Fun While Swimming: Diving Board Considerations
When deciding what kind of swimming pool diving board you want to purchase—or whether you want to buy one at all—ask yourself a few questions.
Who Will Be Using This Diving Board?
If you are a single adult or older couple who simply feels like adding a diving board to accent your pool, maybe you should reconsider. Even if you are a parent with older teenagers who will be moving out soon: do you think the diving board will get much use once they leave? Probably not. Be realistic about whether anyone will actually use it before investing money.
How Often Will This Diving Board Be Used?
If you have a large family with many young children who often entertain friends, you know you will use the board quite a bit. Not only will you use it for special events like sleepovers and pool parties, but probably on a daily or weekly basis, especially if you live in a warm, dry climate. In that case, choose a tougher board with a solid wood or steel base.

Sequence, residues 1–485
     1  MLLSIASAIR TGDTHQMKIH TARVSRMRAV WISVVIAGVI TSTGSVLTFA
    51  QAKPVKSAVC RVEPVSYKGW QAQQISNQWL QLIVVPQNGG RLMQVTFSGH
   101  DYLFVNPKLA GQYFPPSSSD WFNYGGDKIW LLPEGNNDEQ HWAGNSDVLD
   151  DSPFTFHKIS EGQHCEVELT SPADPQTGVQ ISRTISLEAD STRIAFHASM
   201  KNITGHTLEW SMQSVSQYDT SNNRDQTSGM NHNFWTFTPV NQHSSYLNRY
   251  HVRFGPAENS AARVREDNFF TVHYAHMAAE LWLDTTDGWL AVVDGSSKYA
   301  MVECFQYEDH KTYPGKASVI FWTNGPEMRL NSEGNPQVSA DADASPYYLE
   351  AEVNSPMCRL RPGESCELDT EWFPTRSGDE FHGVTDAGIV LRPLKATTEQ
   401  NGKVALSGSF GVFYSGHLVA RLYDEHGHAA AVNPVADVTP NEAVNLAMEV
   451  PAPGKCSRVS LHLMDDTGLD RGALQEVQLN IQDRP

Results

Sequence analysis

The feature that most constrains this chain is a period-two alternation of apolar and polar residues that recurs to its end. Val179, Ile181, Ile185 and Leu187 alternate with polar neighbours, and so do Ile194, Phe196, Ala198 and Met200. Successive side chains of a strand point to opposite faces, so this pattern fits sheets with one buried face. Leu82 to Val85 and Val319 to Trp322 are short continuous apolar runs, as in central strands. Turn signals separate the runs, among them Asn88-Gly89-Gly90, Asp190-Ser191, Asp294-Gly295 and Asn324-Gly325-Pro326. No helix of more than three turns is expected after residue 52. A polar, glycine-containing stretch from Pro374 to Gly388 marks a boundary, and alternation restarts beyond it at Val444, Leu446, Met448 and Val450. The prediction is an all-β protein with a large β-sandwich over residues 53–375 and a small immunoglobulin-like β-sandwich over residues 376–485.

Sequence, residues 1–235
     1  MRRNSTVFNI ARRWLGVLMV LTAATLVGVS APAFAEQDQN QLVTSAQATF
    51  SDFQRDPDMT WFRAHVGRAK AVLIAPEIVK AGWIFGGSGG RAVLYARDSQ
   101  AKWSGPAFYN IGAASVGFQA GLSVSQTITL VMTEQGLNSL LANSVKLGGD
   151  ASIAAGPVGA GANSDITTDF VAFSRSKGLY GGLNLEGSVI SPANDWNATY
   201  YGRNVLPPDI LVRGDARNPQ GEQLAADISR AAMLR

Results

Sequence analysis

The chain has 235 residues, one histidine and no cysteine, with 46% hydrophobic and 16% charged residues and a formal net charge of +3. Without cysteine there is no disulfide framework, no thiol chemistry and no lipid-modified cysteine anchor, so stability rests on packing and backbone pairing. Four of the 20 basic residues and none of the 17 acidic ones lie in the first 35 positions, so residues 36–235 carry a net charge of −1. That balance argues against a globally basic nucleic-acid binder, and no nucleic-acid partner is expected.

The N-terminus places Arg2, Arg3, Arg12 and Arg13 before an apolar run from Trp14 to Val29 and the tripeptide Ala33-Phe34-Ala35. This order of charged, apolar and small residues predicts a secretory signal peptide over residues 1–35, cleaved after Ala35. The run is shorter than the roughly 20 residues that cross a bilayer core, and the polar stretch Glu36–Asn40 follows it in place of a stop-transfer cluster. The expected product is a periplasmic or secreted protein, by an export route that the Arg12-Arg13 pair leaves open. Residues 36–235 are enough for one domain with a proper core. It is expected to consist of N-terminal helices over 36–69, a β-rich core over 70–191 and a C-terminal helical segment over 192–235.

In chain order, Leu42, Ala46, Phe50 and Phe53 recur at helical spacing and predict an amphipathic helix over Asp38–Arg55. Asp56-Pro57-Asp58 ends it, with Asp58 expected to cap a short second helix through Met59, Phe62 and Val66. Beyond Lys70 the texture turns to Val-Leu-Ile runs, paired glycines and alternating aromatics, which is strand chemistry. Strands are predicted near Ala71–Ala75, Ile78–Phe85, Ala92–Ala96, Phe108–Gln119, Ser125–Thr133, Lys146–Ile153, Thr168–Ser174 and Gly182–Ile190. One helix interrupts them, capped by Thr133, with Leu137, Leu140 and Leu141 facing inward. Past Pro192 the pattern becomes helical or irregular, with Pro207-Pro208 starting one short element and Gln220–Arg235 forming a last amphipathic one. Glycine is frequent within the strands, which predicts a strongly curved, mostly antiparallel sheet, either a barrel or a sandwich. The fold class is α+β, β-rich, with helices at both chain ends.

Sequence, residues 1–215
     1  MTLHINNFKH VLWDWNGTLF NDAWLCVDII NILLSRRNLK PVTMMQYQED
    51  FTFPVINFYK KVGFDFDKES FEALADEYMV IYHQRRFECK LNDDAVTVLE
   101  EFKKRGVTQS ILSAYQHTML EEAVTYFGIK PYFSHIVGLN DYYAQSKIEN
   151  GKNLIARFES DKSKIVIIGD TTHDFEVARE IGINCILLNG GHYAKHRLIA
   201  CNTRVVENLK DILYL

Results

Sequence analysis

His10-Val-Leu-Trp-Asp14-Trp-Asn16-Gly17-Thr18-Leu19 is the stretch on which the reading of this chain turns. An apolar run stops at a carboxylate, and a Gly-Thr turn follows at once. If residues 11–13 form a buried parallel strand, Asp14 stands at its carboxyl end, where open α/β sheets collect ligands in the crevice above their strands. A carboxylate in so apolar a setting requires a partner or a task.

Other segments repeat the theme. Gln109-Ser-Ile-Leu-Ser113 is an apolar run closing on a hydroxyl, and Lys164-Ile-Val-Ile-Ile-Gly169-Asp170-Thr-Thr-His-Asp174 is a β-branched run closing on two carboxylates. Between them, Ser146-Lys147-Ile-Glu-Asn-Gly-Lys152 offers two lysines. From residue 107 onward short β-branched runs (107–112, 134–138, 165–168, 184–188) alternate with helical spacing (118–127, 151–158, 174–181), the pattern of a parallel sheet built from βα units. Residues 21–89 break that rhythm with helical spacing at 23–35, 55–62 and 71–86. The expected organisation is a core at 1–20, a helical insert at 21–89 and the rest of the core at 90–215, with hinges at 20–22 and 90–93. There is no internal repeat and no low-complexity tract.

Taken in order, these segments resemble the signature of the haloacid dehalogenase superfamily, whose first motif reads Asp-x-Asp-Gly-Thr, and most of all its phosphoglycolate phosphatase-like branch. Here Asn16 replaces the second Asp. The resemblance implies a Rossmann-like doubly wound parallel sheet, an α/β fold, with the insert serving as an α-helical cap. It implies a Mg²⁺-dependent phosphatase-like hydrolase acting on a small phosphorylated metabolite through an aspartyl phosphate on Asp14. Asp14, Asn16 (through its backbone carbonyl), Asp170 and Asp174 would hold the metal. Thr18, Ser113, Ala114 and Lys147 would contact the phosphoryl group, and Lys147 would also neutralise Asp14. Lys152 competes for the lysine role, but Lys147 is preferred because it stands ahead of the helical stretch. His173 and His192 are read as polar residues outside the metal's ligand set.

If you don't anticipate using the board more than a handful of times during the summer, go with a more affordable acrylic board.
Most diving boards are coated with fiberglass, and the tops are matted with sanded tread to prevent slipping.
What Is My Budget?
The sturdier boards will obviously be a bit more expensive than the others, but if you have a lot of people who will be using it, you should consider the extra expense the cost of safety. Wood-based diving boards made for medium to heavy use can cost anywhere from $400 to $1000.
Acrylic boards made for light to medium use can cost you anywhere from $325 to $725. Prices will vary according to retailer, brand, etc.
How Will I Install This Diving Board?
While installing the board yourself can save you a little money, remember the safety of your family and friends. A professional will make sure the installation is properly completed and should give you peace of mind. If you are confident in your ability to install the diving board, carefully follow the instructions that come with it. Generally, diving boards will have pre-drilled holes to make installation easier.